I haven't spoken much about the success of my 2012 book The Manosphere: A New Hope For Masculinity. Commercially, it's been moderately positive. Critically, it took an early but well-reasoned hit from Matt Forney, who called it a noble failure. I copped to his legitimate concerns - the book is flawed in execution, I freely admit. Real Soon Now I will be publishing an update or new edition, whenever I find the time. A lot has happened in the Manopshere since that book came out, and it needs to be covered.
But occasionally something comes up that brings me back to that "noble failure", like an Amazon reviewer who appreciated the book in concept and what it was trying to explain. When this review came up on the site I was gratified by the reviewer's insights. It would have made an excellent forward to the book. So I'm going to present it in full, here, because I'm lazy and I think that the observations about the culture he makes are well worth the space to repeat.
(BTW, I'm not doing this to amp up book sales. But I'll see about putting the beast on sale soon, just for giggles.)
4.0 out of 5 stars An illuminating and potentially empowering tour of male subcultures, June 30, 2014
By Ben Hourigan, author "Ben Hourigan" (Melbourne, Australia)
This review is from: The Manosphere: A New Hope For Masculinity (Kindle Edition)
After failing to be interested in it at university, I’ve been discussing gender politics with friends online since early 2013. Check out the “gender” category on my blog (benhourigan.com)
for some examples. To sum up, I find much of contemporary ‘feminist’ discourse sexist, poorly reasoned, censorious, and contemptuous of the facts—a discredit to the name and to the people who rally behind it.
When I disagree with a thing, I make sure I do my research, and in the past twelve months I’ve read rather a lot in a feminist vein and in opposition. Ian Ironwood’s The Manosphere! A New Hope for Masculinity falls into the latter category.
Agree with them or not, contrarian thinkers often seem fresher and are more fascinating than adherents to the current orthodoxy. “The manosphere” is an after-the-fact grouping of a range of men’s subcultures, from those of men’s rights activists (MRAs) and pick-up artists (PUAs) to gay men attempting to create a masculine identity amid a culture that expects their feminization. I first came into contact with the term through a friend with an interest in the broader ideological movement called “neoreaction”—which some consider the manosphere to be a part of.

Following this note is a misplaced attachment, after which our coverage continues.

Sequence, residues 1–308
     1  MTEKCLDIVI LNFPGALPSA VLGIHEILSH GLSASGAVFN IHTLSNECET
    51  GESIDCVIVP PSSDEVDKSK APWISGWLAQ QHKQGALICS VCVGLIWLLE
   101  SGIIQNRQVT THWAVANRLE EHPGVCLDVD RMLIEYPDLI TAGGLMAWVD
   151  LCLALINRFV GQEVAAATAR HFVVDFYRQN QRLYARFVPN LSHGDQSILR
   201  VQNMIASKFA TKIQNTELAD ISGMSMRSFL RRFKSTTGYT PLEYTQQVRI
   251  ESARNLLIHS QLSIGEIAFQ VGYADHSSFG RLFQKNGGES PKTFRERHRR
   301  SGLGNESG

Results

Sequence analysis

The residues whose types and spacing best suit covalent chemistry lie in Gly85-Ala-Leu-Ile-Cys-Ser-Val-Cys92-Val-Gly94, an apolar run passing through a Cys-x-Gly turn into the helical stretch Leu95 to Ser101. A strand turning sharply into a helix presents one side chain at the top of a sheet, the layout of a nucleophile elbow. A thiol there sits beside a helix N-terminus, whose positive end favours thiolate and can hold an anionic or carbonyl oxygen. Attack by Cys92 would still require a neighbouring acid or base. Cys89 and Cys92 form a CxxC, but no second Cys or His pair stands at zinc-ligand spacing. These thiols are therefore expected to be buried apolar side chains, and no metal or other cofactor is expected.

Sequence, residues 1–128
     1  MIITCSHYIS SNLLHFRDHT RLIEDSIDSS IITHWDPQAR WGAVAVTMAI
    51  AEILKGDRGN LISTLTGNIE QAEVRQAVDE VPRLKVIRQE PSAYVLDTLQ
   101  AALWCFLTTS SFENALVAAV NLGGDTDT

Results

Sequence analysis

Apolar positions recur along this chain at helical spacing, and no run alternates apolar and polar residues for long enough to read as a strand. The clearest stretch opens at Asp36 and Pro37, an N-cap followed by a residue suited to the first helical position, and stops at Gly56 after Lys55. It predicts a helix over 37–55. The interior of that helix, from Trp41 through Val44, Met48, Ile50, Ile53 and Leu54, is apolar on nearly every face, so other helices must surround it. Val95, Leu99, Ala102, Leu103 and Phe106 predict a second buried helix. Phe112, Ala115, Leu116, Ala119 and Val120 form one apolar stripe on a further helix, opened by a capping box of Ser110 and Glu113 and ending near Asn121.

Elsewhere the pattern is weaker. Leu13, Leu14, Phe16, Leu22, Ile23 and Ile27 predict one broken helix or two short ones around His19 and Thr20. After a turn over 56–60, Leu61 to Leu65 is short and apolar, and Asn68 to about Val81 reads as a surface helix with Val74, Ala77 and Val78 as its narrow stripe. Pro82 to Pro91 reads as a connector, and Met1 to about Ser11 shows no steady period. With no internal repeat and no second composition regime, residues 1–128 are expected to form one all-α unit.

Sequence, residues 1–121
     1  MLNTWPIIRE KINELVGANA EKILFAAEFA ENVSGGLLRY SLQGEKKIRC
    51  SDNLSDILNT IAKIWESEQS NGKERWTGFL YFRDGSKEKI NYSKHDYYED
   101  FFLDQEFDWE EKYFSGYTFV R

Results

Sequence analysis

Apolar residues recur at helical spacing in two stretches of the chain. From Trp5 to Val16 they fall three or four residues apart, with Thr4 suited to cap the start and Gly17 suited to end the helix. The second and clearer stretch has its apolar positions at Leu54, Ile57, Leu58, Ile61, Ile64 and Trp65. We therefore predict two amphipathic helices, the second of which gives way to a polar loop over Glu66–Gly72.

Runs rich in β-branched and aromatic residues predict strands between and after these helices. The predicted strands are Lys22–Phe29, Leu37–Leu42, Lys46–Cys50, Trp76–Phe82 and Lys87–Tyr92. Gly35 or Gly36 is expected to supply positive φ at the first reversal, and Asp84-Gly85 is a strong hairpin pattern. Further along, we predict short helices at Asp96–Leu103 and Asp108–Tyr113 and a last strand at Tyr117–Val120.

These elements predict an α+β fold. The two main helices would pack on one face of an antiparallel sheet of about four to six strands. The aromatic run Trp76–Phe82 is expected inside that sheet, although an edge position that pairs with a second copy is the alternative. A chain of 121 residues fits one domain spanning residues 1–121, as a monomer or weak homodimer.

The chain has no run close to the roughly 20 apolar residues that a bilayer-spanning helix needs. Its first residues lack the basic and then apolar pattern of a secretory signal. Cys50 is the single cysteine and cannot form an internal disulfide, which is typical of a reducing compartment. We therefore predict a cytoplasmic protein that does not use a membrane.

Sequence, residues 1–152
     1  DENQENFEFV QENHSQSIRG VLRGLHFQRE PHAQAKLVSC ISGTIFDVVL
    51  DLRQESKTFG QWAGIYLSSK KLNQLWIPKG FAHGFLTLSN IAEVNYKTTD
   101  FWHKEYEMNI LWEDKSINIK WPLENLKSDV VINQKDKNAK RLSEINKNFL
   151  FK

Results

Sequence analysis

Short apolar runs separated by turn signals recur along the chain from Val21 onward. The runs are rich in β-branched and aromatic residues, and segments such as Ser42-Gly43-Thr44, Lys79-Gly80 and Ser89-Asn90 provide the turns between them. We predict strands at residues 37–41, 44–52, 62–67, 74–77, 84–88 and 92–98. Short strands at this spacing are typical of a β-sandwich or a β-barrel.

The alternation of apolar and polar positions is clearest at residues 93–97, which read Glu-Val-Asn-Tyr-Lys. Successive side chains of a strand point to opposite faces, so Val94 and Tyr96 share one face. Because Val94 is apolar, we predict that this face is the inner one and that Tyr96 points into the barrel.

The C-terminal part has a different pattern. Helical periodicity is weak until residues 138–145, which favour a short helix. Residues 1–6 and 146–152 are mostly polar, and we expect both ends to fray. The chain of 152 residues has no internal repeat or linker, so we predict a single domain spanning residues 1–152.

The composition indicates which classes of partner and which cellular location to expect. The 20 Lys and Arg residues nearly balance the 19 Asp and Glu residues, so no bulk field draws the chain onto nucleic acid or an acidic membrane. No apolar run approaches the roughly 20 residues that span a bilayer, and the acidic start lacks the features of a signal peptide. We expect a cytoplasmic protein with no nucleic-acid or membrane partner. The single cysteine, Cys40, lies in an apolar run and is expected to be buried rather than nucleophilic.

Writing in the manosphere is often unruly, raw, and confrontational, even downright offensive. This is not the realm of New York and London big-5 publishing, but of group blogs and self-published e-books. I hope we are beginning to move on from disdaining such work: as it was back in the mid-2000s when I was a videogames researcher, many writers with the best feel or most interesting take on the available material are doing their work outside of big-name journals, sites, newspapers, and publishing houses.
The rise of independent publishing helps the emergence of such movements and writers, giving them retail exposure without a publisher as gatekeeper and intermediary. As thriller novelist Michael MacConnell writes, there is an indentifiable left-wing bias among writers on average. It is tempting to speculate that this is entrenched by the ability of left-biased publishing-house staff to deny authors who do not share their prejudices access to the channels they control.